The geography of the Philippines imposes a sense of disconnectedness. Thousands of islands, roughly sprinkled through the western Pacific, make up the archipelago. The distances between the islands vary from a few hundred yards to many miles. It is possible to swim easily from Leyte to Samar, while Palawan sits by itself to the west, stretching for hundreds of miles into the Sulu Sea. At their farthest south the Philippines reach within a few dozen miles of the island of Borneo. At their northernmost limit the islands come close to Taiwan. To the west is the South China Sea, surrounded in the late nineteenth century by the colonial outposts of a range of European powers: French Indochina due west, British Hong Kong northwest, and the Dutch East Indies southwest. And looming over all was the massive, ponderous, and decayed Chinese empire, home to hundreds of millions and bloated by centuries of lacquered ritual. By the turn of the century China was less a nation than a prize: a target that every major power eyed with anticipation.
To the east was the Philippine Sea, an open swath of ocean bounded by New Guinea on the south, a necklace of small islands farther east, and, to the north, Japan. By the last few decades of the nineteenth century, the power of newly industrialized Japan was becoming apparent. The Japanese had not yet had their coming-out party, the moment they stepped onto the world stage and announced themselves as a power of substance. That would come a few years later in the Russo-Japanese War of 1904–1905.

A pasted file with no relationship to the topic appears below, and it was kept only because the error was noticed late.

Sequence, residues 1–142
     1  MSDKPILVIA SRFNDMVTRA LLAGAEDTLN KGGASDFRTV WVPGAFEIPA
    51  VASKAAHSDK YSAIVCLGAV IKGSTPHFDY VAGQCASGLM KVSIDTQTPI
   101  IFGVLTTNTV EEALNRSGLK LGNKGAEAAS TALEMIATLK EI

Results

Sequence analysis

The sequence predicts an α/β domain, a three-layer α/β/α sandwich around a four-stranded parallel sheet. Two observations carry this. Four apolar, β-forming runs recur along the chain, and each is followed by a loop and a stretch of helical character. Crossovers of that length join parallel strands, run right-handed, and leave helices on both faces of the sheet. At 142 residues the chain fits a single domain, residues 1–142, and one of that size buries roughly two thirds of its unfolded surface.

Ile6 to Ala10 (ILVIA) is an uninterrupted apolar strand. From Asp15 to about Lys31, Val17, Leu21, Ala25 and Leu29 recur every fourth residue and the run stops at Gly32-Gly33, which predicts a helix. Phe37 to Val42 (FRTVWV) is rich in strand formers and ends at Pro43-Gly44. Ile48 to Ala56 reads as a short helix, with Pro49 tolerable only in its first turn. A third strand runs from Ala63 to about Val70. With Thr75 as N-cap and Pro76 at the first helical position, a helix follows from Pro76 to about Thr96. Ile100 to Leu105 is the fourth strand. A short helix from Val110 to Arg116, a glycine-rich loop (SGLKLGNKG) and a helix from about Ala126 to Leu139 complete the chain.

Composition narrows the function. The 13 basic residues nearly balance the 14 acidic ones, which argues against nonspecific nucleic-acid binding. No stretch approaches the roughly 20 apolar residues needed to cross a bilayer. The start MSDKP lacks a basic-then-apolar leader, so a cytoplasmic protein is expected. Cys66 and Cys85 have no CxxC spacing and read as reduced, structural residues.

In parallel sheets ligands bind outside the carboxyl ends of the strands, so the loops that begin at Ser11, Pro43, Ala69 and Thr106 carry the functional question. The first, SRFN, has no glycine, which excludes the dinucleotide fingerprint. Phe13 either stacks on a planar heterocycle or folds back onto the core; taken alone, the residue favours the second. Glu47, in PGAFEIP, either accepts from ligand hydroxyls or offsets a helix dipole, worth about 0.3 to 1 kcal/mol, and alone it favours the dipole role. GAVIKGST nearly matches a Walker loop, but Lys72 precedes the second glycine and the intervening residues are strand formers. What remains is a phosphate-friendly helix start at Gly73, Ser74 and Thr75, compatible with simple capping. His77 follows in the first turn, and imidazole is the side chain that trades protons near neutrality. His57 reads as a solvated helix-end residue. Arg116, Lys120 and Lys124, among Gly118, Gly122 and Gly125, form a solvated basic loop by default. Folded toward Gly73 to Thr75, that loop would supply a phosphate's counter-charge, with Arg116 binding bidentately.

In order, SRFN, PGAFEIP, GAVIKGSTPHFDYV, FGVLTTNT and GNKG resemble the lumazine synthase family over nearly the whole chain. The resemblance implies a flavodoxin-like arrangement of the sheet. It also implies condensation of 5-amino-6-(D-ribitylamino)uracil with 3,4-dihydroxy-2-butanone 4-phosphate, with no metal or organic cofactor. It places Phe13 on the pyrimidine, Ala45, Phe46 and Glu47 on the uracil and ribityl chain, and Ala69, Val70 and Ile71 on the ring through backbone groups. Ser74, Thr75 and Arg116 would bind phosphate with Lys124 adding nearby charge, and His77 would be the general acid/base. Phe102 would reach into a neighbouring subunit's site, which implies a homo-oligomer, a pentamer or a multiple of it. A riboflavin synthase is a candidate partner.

In the middle of all this was the sleepy Spanish colony of the Philippines. Imperial Spain had acquired the islands centuries before, during the burst of exploration that marked the fifteenth and sixteenth centuries. Magellan had planted the Spanish flag there in 1521, and had planted himself as well, after an ill-considered meeting with hostile natives. Only one of Magellan’s ships returned, captained by his first mate, Juan Sebastián de Elcano, who made it home, but, somewhat unfairly, not into historical memory. The Spanish were not the first outsiders to visit the Philippines. Certainly the great Chinese fleets of the late fifteenth and early sixteenth centuries had stopped by. And Muslim explorers had broken out of the Indian Ocean even earlier, settling in some of the southern islands. But only the Spanish came to stay throughout the archipelago. In the 1560s, led by Don Miguel López de Legazpi, who became the first governor and captain-general of the islands, they arrived in force, aggressive, imperialistic, and awash in the gold and silver of Central America.